Texas should enjoy surplus electricity over the long-term — even without paying expensive subsidies to power generators.
That’s the conclusion of a highly-anticipated consultant’s report that also has determined that the Texas energy market should meet or exceed a number of standards over the long-term.
“This report helps put to rest the forecasts from electric generators who argue that blackouts are just around the corner unless they extract expensive subsidies from ratepayers,” said Dr. Randolph Moravec, executive director of the Texas Coalition for Affordable Power.
“When considered with other energy market data, it becomes clear that new government mandates and expensive subsidies for electric generators are not in consumer interests,” he added.
Released last week by the Texas Public Utility Commission, the report focuses on technical questions relating to the state’s targeted “reserve margin,” which is a measurement of reliability and reserve power in the state’s electricity market. The report was authored by the Brattle Group, a Cambridge-based consulting group. The report’s take-away finding is that Texas can maintain a cost-effective level of energy reserves without a complicated and expensive departure from its competitive energy-only market.
The issue is important because the state’s largest electric generators have been lobbying hard for ratepayer-financed subsidies, which the companies claim are needed for them to keep pace with electricity demand.
The Texas Coalition for Affordable Power, other consumer groups, as well as business and free market organizations have argued that the generator proposals would needlessly cost electricity consumers, lead to more government mandates, and signify a retreat from the free-market principles upon which the state deregulated its electricity market.
The new report acknowledges that the electricity system in Texas, as currently configured, will not produce energy reserves that match a target set by ERCOT, the state’s primary grid operator. But the report also notes that the ERCOT target is higher than that which is economically optimal. The consultants noted that the ERCOT reserve target also is higher than the target employed in other jurisdictions.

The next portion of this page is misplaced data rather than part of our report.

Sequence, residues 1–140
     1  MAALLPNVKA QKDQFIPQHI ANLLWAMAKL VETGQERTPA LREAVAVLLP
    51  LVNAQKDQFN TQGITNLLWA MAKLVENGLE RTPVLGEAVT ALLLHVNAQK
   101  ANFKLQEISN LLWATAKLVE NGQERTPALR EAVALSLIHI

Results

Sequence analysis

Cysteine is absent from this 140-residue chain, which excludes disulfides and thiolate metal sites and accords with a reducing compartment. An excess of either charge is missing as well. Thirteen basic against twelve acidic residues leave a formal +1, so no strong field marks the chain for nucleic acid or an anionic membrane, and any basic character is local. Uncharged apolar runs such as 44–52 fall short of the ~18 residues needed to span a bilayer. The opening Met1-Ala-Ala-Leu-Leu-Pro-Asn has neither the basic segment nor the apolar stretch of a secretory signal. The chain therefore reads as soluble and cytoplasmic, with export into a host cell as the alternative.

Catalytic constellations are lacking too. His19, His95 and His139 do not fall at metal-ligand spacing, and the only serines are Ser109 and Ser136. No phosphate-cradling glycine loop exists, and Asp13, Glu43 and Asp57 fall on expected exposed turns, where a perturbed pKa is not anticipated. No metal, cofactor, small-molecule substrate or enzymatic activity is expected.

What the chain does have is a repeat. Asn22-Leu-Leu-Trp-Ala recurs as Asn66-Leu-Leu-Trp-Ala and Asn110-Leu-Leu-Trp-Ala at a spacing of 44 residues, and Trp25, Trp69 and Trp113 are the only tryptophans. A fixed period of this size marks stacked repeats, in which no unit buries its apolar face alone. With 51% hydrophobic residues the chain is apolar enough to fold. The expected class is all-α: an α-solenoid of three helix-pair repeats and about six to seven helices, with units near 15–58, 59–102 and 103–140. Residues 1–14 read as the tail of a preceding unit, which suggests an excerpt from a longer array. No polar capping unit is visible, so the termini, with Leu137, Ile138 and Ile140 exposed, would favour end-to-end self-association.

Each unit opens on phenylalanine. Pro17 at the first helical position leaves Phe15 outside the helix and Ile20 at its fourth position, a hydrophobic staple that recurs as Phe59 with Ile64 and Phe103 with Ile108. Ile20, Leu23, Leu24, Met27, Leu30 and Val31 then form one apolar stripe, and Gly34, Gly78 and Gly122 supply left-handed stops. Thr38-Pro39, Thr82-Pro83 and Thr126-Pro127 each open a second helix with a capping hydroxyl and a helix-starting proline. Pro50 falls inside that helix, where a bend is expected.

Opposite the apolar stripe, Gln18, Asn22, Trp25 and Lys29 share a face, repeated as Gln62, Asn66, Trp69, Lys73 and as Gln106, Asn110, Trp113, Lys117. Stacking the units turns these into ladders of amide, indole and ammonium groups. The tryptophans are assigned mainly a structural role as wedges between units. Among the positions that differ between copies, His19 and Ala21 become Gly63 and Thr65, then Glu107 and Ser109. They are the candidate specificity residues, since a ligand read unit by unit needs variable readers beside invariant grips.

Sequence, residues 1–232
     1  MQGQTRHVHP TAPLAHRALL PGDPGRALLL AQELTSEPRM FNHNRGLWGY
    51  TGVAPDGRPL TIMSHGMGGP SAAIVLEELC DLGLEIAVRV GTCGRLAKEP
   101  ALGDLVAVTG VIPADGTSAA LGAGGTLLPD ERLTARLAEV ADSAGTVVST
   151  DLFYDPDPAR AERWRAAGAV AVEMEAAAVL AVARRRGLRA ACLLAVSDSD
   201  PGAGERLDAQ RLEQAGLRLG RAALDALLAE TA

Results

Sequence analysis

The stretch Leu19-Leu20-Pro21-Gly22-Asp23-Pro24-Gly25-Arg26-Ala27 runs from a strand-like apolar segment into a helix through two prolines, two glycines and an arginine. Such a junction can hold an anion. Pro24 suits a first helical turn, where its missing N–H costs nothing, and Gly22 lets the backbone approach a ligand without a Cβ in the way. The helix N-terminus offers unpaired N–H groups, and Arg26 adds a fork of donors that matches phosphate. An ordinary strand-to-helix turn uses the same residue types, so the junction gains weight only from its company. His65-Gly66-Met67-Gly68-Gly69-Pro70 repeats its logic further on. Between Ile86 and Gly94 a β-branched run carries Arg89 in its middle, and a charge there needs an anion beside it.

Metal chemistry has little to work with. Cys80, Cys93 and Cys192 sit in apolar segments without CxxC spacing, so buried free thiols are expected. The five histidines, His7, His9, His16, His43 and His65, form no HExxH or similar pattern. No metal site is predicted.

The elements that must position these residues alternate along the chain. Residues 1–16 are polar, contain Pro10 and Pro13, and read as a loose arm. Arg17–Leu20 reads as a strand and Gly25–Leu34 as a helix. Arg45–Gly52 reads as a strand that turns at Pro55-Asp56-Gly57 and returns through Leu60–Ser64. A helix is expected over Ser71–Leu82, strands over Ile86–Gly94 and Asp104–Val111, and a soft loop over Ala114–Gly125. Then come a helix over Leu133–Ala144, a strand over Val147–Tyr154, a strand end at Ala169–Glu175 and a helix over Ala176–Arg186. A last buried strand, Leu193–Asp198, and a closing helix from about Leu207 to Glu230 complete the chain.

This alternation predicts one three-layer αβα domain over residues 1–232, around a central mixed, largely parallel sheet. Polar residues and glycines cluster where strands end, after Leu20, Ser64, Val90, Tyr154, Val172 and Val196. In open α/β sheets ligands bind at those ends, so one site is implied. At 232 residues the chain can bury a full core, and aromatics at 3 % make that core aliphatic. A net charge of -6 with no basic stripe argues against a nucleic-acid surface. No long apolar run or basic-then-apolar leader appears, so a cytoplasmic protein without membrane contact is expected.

These distinctions are important. That’s because the Brattle consultants stress that the existing wholesale power system in Texas — even without new subsidies to generators — will produce energy reserves that meet or exceed targets considered economically-optimal as well as targets found reasonable in other jurisdictions.
“This important finding suggests that the current market design will support sufficient reserve margins from an economic perspective,” the Brattle Report says.
A separate report from ERCOT significantly reduces estimates of peak demand in future years, meaning that energy reserves in Texas will meet or come very close to meeting ERCOT’s higher-than-optimal reserve margin targets through at least 2019. Taken together, the data appears to dispel claims by generators that Texas faces a looming energy crisis.
“It really says we don’t have a problem,” said PUC Commissioner Ken Anderson, speaking recently to the Texas Tribune.
The new Brattle report also raises questions about the complexity of the generator’s proposed market overhaul, noting that it would require a number of difficult and contentious administrative policy changes. The report said there would be considerable short-term transition costs as well as long-term costs at approximately $400 million per year.
Moravec, of the Texas Coalition for Affordable Power, said that experience has shown that such market overhauls can be very costly to consumers — even more costly than the estimates put forth by the Brattle consultants.
“It’s clear from experts in the field that creating a system to pay capacity subsidies to generators makes no economic sense and would be a bad move for Texas,” said Moravec. “These proposed subsidies will lead to higher costs, more regulatory headaches, more government mandates and simply are not needed. Instead of mandating subsidies for big generators, we should let the free market work for consumers.”
TCAP is a coalition of more than 160 cities and other political subdivisions that purchase electricity in the deregulated market for their own governmental use. Because high energy costs can impact municipal budgets and the ability to fund essential services, TCAP, as part of its mission, actively promotes affordable energy policies. High energy prices also place a burden on local businesses and home consumers.